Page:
Tuesday, October 4, 2016

Sam Clovis, Blake Hurst, John Cochrane-Economic Growth, Regulatory Uncertainty, and Agriculture

In an AgWeb blog post I wrote back in 2009 (More Regulation for Global Agriculture ) where I quoted:

"We may well see increasing public control by human decision-makers over almost every detail of food production, marketing, and distribution." 

 I concluded:

"Hopefully, we won't have to waste a decade mired in stagnation while we rediscover the basic principles of individualism, freedom, and liberty that made this country so exceptional"

Fast forward almost 7 years later Sam Clovis (an advisor to Donald Trump for Agriculture) discussed a number of policies on Agritalk. A lot of details were discussed, but the most important thing relates to a general attitude Sam has in favor of less regulation.  Clovis intends that Trump will take this head on:
“Mr. Trump on day one of his presidency will impose a moratorium on rule-writing,” he says. “Then, each department will have 30 days on the rules that have been written over the past five years so we can have a look at them.”

Also related to this,Blake Hurst offers a nice anecdotal story titled 'Missouri Farmer Discusses  The Unbelievable Reality of Regulation' recently on AgWeb about Charlie and John, who own a small fertilizer plant and are farmers respectively and the challenges they face from over-regulation.

"Our present regulatory state can’t be believed if you haven’t been in the crosshairs of government bureaucrats. It can’t be parodied or made fun of, because no matter what “myth” we farmers might make up, the reality is even worse, and more strange. It’s past time to reform this system and rein in a government that seemingly knows no limits."

This is not just about agriculture, but nationally, when you look at income stagnation and consumer confidence and overall national growth its the same story. Recently, and timely, on EconTalk, Russ Roberts talks with John Cochrane about regulation and economic growth:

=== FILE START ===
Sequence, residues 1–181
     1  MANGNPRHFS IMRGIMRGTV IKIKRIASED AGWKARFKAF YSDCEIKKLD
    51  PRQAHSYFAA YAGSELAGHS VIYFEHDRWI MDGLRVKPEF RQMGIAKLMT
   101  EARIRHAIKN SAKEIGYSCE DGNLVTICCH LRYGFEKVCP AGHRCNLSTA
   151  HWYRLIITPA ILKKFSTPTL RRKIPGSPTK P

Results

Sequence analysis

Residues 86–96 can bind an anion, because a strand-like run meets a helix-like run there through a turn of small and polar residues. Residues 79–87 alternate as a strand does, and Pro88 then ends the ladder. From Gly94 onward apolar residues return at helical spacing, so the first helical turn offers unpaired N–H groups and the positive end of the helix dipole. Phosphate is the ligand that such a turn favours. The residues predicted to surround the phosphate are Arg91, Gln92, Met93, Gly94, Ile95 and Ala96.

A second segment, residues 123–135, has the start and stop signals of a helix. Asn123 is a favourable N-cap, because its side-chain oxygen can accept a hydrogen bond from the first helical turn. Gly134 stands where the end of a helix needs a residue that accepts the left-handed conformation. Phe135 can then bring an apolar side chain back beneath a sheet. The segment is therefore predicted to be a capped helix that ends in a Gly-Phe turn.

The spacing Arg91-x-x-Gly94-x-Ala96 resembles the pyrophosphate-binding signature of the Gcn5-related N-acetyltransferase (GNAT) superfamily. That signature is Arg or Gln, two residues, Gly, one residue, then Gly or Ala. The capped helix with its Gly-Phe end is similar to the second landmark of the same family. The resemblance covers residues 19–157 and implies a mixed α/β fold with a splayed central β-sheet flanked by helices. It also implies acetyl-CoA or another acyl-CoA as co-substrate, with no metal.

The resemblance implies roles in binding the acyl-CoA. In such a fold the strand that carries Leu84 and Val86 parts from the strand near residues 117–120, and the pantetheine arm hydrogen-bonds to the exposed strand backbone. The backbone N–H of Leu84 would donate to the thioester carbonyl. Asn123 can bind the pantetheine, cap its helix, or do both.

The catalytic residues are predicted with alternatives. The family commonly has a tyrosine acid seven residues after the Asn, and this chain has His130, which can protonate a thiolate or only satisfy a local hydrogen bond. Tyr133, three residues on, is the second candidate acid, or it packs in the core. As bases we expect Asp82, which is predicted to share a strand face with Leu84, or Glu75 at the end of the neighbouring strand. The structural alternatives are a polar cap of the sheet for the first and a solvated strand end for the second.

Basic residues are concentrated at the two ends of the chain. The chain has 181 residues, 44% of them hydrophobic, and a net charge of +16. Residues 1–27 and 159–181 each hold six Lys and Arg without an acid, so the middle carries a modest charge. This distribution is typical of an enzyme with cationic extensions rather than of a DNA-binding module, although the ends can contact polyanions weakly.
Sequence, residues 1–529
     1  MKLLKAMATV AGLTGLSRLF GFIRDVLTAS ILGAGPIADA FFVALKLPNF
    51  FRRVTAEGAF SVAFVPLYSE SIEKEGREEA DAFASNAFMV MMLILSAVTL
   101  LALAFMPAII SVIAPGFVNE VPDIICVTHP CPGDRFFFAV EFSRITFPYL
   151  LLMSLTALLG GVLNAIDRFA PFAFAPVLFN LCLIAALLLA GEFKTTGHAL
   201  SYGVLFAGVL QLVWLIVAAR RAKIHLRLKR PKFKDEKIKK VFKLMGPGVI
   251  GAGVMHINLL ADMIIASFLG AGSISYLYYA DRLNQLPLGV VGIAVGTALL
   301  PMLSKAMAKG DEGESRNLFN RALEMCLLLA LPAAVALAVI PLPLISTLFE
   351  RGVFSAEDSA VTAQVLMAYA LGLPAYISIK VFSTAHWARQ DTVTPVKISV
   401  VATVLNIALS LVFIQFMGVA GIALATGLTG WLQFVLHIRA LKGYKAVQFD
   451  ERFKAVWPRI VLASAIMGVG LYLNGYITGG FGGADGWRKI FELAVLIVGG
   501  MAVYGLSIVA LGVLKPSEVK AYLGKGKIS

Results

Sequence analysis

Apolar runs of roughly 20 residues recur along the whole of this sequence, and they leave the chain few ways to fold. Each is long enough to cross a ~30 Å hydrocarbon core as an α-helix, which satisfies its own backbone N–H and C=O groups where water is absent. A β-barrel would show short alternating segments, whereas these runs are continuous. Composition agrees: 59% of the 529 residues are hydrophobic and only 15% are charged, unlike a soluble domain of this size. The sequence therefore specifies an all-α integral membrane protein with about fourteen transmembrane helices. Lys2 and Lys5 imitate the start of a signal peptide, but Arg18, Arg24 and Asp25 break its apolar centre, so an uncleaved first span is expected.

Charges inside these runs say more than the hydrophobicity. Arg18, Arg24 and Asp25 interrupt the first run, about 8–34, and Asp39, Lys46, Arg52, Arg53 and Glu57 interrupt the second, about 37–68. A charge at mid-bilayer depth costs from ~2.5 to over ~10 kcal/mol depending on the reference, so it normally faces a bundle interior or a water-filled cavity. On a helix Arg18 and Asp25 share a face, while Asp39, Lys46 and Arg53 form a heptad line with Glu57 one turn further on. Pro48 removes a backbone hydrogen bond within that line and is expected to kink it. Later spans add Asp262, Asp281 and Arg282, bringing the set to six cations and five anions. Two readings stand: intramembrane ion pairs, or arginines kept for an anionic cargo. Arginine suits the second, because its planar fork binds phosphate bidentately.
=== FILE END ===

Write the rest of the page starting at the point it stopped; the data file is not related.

John: "if you think about the important issues of economic policy, economic growth is it. It just begins and ends at economic growth…..just nothing matters as much as reestablishing or improving on the traditional growth rates....it's not just more stuff: it's better stuff--better health, better environment, ability to pay off the government's debts, ability to pay for our social programs--really just everything hinges on economic growth…..people talk about the stagnation in middle class incomes and so forth. That's a phenomenon of the slowdown of growth"

And what is causing this slowdown- they discuss several possible theories, but most plausible is, you guessed it...regulation:

"My view is that we have creeping regulation sanding the gears. What's hard about this is every little market is screwed up. There isn't one big 'Aha,' we just need a stimulus program and we're all done. But if every little market is screwed up then the economy as a whole slows down.....To your question, there are plenty of measures that say the American economy is losing its dynamism. I think one new bank has been chartered since the passage of the Dodd-Frank Act, and that was designed to help Amish people. No new health insurers; in fact, lots of health insurers are disappearing. We are heading towards industries--banking and health insurance are heading toward a very European model: 3 or 4 very regulated"

And how many major players are we looking at in the Ag sector when it comes to seed and chemicals? About three depending on the pending deals we see on the table now.

Additional Comments and Links:

Its not just regulations themselves that are causing stagnation, but the uncertain environment they create

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